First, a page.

Names are everywhere in software. We name our variables, our functions, our arguments, classes, and packages. We name our source files and the directories that contain them. We name our jar files and war files and ear files. We name and name and name. Because we do so much of it, we'd better do it well.
– from the Introduction to chapter 2 "Meaningful Names" of "Clean Code" by Robert C. Martin.
Indeed we name a lot of things in software. As The Structure and Interpretation of Computer Programs points out, the primary purpose of a function (lambda) is to provide names for its arguments that are independent of names elsewhere. A function provides a closure in which stuff has defined names. The closure itself can then be embedded into other closures to form composite structures. Take any complex program structure and decompose its names through all its lambdas and you will only find more names right until you reach turtles.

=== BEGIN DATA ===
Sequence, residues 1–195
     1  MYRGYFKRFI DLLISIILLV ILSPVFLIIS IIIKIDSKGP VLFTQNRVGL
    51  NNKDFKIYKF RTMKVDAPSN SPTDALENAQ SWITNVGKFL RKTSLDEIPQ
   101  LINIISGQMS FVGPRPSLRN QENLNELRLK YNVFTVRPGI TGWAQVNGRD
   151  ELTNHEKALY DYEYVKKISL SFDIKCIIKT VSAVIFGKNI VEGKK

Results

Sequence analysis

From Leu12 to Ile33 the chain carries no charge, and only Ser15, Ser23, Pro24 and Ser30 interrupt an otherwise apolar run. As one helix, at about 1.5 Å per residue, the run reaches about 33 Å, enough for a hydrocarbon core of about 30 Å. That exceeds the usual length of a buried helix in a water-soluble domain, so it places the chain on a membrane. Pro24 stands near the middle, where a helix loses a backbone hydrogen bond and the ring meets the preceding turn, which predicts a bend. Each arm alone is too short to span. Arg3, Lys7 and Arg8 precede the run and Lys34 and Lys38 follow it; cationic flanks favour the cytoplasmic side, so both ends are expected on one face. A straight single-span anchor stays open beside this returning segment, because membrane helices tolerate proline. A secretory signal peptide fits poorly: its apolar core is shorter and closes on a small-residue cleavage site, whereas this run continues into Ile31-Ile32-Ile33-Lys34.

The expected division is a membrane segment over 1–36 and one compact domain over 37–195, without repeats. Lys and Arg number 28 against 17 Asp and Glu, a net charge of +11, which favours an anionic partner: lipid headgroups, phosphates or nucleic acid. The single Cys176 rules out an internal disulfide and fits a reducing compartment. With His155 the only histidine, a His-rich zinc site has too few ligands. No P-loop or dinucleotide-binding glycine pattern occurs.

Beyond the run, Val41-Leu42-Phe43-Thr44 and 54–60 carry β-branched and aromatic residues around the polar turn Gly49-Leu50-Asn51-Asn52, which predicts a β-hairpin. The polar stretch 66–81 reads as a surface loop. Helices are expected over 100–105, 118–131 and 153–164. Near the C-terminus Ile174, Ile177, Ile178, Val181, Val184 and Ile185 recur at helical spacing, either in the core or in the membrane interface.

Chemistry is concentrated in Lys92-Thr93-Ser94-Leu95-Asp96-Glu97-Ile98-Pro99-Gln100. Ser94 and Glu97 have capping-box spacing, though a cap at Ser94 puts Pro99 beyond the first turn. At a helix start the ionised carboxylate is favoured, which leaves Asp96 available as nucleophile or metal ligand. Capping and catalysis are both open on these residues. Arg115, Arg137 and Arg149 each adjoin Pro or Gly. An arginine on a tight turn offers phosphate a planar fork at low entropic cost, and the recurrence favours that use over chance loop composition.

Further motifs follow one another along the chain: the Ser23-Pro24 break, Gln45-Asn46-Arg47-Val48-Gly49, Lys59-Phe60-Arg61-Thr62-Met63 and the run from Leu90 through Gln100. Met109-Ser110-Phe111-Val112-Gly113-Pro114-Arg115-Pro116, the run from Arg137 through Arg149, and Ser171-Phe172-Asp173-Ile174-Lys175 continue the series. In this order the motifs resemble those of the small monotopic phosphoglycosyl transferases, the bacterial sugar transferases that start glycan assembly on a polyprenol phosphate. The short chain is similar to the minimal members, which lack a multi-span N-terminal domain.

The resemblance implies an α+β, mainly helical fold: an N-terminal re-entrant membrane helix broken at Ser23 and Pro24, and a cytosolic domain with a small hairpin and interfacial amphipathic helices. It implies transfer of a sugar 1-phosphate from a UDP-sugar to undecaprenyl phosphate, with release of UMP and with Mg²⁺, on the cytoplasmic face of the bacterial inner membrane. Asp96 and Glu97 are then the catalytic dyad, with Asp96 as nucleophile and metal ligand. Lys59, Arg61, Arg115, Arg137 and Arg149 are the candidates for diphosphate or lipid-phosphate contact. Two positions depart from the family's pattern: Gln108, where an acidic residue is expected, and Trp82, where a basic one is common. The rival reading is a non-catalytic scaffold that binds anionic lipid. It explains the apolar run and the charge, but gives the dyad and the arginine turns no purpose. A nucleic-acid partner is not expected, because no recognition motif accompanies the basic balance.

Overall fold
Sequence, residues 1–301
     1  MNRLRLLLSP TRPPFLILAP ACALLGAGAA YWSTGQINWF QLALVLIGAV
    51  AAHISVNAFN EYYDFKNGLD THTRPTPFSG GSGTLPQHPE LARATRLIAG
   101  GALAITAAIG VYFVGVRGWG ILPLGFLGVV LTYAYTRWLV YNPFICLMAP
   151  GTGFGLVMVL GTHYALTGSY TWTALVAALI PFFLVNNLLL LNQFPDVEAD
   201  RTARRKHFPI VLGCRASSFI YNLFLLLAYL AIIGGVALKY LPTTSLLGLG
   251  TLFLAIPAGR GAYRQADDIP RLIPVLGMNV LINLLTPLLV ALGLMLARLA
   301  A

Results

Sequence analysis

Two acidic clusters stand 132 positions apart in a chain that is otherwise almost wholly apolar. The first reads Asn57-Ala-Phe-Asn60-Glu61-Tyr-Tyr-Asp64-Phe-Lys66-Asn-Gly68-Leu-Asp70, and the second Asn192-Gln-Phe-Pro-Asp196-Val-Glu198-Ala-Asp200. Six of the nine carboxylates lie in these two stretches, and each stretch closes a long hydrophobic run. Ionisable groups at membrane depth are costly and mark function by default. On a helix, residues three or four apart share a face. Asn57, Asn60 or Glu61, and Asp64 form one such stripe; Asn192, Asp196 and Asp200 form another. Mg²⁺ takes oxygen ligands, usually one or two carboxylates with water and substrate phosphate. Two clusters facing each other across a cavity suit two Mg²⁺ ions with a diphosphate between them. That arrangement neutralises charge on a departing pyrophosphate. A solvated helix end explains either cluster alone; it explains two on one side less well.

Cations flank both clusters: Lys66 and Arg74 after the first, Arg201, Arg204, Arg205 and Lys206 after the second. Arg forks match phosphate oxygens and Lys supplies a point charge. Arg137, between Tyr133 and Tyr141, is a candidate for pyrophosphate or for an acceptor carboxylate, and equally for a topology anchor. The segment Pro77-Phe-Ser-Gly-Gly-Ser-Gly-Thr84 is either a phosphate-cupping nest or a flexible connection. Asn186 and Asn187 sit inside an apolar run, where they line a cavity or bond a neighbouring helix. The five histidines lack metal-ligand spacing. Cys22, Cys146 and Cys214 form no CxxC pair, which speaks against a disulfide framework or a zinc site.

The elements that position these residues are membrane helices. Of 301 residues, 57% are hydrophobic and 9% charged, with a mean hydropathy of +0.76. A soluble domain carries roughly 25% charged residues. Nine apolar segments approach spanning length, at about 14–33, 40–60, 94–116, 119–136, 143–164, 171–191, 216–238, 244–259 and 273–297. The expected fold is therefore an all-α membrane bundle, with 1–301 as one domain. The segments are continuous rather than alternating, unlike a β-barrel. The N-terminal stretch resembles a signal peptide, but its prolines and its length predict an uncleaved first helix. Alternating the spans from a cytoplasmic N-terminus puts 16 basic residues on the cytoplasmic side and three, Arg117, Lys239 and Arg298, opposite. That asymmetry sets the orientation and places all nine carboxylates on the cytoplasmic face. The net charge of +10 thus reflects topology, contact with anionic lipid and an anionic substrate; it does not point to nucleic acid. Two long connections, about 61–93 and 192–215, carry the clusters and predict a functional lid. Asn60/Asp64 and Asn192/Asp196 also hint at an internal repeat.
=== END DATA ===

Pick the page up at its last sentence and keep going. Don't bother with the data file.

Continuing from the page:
At its heart, programming is about naming things. If I squint my eyes a little, I can nearly convince myself that naming is really all there is. All the rest is just playing games with syntax.
It's situations like this that I realize that The Structure and Interpretation of Computer Programs really changed how I view programming.